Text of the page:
A little easier to watch, this is a video of a crash test that some youngsters filmed using a watermelon in place of a head. They show the damage that happens to the watermelon when it’s dropped with and without a bike helmet to protect it. I say, easier to watch, because it’s only a watermelon (and it features the cutest toddler!) but it’s really the same hard-hitting message as the previous video delivers: good bike helmets protect kids’ heads when they inevitably fall off their bikes.

Do bike helmets work?

If you’re looking for a side-by-side comparison of helmet vs no helmet statistics, then you don’t need to go much farther than a report from the University of New South Wales in Australia. They found that, in a study of bicycle helmet usage from over 64,000 bike riders worldwide, helmets cut the likelihood of serious head trauma by up to 70%. With toddlers (who tend to be a bit wobblier anyway as they learn) there will undoubtedly be a much more pronounced benefit to using bike helmets.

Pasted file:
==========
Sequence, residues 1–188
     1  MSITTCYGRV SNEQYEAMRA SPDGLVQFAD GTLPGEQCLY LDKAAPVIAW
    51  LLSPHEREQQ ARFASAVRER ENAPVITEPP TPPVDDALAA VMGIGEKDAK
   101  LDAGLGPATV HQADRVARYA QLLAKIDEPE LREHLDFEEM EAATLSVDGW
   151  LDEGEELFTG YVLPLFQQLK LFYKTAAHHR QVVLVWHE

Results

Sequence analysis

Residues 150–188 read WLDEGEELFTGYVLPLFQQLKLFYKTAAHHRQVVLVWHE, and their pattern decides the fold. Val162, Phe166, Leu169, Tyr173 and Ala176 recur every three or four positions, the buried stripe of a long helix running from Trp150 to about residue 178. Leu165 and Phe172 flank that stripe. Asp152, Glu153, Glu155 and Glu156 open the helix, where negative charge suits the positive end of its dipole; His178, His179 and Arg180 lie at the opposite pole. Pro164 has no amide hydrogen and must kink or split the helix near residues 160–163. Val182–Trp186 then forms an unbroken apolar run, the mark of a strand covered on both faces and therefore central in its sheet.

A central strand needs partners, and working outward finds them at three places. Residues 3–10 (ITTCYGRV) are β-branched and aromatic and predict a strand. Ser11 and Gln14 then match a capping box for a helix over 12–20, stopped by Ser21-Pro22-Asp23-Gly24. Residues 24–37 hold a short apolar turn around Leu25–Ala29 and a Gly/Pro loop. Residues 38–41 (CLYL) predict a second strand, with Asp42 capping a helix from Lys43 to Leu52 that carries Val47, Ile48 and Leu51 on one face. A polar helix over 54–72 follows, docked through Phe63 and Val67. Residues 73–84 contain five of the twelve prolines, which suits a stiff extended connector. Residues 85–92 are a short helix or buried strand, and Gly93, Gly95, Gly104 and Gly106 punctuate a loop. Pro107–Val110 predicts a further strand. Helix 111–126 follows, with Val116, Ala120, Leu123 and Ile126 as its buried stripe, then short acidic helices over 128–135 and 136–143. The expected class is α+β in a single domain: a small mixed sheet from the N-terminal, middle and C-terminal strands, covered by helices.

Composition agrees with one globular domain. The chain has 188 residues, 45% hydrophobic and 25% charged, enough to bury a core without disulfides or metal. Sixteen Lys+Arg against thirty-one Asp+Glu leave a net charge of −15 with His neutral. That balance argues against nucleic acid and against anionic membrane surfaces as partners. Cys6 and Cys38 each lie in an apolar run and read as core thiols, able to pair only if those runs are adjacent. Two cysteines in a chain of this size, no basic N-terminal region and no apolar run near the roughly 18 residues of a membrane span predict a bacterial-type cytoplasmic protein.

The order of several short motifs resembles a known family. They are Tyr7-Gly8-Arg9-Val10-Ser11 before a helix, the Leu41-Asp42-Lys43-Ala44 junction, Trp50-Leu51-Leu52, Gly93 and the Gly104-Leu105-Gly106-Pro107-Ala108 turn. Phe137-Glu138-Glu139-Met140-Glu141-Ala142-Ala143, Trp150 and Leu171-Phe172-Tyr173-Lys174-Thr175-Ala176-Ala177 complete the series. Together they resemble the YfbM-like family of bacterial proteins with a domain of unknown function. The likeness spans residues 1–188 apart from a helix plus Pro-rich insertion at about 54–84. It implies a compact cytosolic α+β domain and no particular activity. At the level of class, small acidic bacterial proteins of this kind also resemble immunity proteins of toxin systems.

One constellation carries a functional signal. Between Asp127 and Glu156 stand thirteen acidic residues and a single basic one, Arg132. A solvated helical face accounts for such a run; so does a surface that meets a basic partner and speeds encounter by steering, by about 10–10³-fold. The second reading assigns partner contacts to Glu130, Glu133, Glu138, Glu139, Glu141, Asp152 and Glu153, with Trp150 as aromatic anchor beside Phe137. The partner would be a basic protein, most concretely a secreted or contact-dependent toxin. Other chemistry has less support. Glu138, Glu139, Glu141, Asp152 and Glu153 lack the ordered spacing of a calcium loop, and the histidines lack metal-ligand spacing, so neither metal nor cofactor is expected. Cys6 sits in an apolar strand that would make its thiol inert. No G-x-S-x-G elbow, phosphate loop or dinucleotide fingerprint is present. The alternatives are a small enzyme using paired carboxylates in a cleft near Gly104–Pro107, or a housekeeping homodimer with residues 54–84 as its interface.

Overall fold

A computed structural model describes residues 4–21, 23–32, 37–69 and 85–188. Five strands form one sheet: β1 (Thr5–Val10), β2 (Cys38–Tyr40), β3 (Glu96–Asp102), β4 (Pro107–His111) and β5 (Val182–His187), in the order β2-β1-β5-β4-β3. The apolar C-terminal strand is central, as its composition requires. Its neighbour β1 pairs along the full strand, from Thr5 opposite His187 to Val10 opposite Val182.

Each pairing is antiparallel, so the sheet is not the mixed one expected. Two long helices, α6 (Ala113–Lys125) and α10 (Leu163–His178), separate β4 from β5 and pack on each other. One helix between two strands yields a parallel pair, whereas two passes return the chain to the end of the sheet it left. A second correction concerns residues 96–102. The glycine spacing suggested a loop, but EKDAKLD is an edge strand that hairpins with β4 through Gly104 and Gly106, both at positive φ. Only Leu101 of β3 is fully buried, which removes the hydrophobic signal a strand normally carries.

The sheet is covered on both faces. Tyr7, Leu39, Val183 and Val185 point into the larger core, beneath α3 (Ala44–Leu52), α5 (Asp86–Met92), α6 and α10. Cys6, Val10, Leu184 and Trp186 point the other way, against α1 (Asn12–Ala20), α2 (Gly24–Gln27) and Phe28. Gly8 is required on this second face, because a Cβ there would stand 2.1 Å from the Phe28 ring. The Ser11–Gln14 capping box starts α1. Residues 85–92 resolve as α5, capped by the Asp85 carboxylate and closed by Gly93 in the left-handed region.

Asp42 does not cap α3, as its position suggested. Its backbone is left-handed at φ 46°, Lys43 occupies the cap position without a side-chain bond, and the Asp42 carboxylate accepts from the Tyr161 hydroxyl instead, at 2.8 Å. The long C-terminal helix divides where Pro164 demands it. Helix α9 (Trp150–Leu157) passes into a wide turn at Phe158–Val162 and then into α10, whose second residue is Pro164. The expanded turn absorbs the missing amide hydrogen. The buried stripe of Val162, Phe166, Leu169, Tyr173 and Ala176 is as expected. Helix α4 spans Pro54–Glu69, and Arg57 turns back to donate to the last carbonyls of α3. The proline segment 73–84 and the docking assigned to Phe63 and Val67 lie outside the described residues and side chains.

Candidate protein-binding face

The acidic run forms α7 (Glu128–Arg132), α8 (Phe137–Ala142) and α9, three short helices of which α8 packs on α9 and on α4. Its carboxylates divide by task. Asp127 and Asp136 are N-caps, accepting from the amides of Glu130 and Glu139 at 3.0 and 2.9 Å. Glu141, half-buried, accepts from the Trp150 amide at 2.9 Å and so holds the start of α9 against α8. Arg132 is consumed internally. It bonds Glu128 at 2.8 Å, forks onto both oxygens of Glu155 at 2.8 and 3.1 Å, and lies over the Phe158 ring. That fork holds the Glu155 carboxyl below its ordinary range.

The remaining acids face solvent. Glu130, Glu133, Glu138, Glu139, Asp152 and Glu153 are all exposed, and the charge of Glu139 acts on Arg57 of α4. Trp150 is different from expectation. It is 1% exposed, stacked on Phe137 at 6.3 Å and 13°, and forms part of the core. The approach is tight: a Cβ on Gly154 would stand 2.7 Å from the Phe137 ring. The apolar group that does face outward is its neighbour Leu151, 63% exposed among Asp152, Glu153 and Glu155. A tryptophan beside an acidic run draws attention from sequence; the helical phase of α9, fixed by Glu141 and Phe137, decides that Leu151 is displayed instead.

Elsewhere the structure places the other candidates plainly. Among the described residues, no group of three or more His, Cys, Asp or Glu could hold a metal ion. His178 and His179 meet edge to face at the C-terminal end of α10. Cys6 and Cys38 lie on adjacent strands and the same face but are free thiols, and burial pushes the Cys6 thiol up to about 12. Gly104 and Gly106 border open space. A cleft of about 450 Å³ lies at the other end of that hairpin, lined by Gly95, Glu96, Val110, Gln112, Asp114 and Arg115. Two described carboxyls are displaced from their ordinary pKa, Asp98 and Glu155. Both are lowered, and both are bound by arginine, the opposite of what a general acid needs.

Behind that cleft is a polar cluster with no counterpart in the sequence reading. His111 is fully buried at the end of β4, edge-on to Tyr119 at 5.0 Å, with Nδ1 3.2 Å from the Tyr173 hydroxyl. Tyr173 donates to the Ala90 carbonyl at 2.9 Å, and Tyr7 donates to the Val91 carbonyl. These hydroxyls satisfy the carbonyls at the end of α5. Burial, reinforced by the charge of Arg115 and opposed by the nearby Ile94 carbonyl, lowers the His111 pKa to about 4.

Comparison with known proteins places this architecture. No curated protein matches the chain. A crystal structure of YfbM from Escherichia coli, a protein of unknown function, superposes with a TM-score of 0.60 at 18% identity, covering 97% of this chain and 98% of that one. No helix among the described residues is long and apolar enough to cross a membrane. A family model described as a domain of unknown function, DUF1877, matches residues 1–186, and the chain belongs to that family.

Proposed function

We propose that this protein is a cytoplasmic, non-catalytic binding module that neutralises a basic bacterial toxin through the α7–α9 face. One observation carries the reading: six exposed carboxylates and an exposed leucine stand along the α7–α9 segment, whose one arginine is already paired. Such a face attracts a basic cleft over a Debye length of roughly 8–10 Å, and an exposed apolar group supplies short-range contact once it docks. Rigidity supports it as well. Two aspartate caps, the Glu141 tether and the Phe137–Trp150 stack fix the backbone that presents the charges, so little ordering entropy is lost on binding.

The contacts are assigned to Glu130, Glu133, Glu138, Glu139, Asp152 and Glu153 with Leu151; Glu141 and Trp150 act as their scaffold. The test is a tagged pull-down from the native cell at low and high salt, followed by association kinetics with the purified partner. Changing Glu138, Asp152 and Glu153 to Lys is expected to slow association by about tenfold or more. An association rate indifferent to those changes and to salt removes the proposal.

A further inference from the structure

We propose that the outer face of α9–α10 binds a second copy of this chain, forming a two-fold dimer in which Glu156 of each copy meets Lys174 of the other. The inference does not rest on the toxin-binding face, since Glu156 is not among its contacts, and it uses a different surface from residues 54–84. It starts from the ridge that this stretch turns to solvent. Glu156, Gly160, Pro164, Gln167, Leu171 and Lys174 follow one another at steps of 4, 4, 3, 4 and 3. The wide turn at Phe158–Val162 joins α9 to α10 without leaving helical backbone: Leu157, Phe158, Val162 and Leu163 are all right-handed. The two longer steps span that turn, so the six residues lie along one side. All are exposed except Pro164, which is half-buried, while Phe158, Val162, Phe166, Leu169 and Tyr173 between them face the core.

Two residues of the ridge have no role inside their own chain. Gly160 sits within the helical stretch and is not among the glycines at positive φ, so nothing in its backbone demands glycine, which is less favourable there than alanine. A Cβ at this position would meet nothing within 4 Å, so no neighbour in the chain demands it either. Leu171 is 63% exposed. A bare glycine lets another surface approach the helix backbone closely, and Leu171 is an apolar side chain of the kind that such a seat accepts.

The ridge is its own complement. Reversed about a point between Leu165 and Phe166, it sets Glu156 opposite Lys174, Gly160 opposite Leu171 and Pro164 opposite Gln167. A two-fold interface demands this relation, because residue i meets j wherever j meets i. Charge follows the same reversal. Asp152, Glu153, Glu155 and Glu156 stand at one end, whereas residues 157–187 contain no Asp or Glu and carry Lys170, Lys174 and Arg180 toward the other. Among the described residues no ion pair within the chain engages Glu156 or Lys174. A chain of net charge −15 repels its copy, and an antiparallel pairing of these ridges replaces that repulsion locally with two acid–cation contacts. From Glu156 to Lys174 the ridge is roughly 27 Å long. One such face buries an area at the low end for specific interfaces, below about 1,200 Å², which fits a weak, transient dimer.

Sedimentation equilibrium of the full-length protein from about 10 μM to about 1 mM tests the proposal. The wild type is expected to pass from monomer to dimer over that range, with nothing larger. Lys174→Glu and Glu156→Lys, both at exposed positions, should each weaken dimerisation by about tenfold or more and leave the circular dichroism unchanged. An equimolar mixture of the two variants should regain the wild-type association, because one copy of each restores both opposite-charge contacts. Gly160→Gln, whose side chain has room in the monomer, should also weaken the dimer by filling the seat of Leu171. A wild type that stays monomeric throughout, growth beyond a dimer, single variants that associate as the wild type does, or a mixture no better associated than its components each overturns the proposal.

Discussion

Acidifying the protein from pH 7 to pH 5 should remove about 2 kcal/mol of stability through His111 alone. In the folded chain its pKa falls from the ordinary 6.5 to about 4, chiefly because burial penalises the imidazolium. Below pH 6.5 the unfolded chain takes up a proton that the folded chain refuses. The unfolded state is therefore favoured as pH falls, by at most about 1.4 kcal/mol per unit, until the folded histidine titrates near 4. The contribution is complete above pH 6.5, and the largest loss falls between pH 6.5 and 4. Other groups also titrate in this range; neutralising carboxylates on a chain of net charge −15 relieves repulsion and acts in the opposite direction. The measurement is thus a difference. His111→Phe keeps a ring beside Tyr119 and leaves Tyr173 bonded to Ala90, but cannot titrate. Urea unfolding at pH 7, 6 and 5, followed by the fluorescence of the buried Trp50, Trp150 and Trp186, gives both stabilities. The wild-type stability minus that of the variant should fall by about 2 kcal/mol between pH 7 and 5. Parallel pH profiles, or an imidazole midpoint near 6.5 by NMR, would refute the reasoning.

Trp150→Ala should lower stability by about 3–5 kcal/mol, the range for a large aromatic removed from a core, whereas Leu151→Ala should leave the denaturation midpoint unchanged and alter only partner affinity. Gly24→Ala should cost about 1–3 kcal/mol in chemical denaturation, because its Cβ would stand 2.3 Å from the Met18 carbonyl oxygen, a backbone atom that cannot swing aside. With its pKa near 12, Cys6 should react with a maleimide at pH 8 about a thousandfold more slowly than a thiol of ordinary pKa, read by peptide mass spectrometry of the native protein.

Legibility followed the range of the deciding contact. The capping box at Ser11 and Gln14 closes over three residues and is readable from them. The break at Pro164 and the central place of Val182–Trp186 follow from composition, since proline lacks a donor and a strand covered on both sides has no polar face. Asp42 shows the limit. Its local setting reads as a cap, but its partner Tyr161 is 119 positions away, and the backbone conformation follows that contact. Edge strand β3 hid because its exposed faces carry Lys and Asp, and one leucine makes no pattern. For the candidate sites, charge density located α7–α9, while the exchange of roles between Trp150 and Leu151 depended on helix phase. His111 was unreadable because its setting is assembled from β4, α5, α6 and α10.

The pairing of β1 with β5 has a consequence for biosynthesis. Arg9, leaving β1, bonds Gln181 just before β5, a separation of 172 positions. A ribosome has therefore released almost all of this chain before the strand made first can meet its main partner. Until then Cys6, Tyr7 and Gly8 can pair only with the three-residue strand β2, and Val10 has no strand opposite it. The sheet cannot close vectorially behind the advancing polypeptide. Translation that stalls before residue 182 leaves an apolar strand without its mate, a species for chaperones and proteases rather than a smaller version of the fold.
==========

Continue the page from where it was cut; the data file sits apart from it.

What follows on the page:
Bicycle helmet testing standards

So, we know they’re a good idea for riders of any age and especially for toddlers. What about the testing standards that we should look out for when making our choice of which helmet to get for our toddler?

As with any area of technology, bike helmets have their own set of standards that manufacturers need to adhere to. Unfortunately, for us consumers, that means lots of acronyms to try and learn and decipher. Here’s a quick guide to the relevant testing standards for cycling helmets.

  • CPSC bicycle helmet – this is a standard for bike helmets sold in the US; CPSC stands for Consumer Products Safety Commission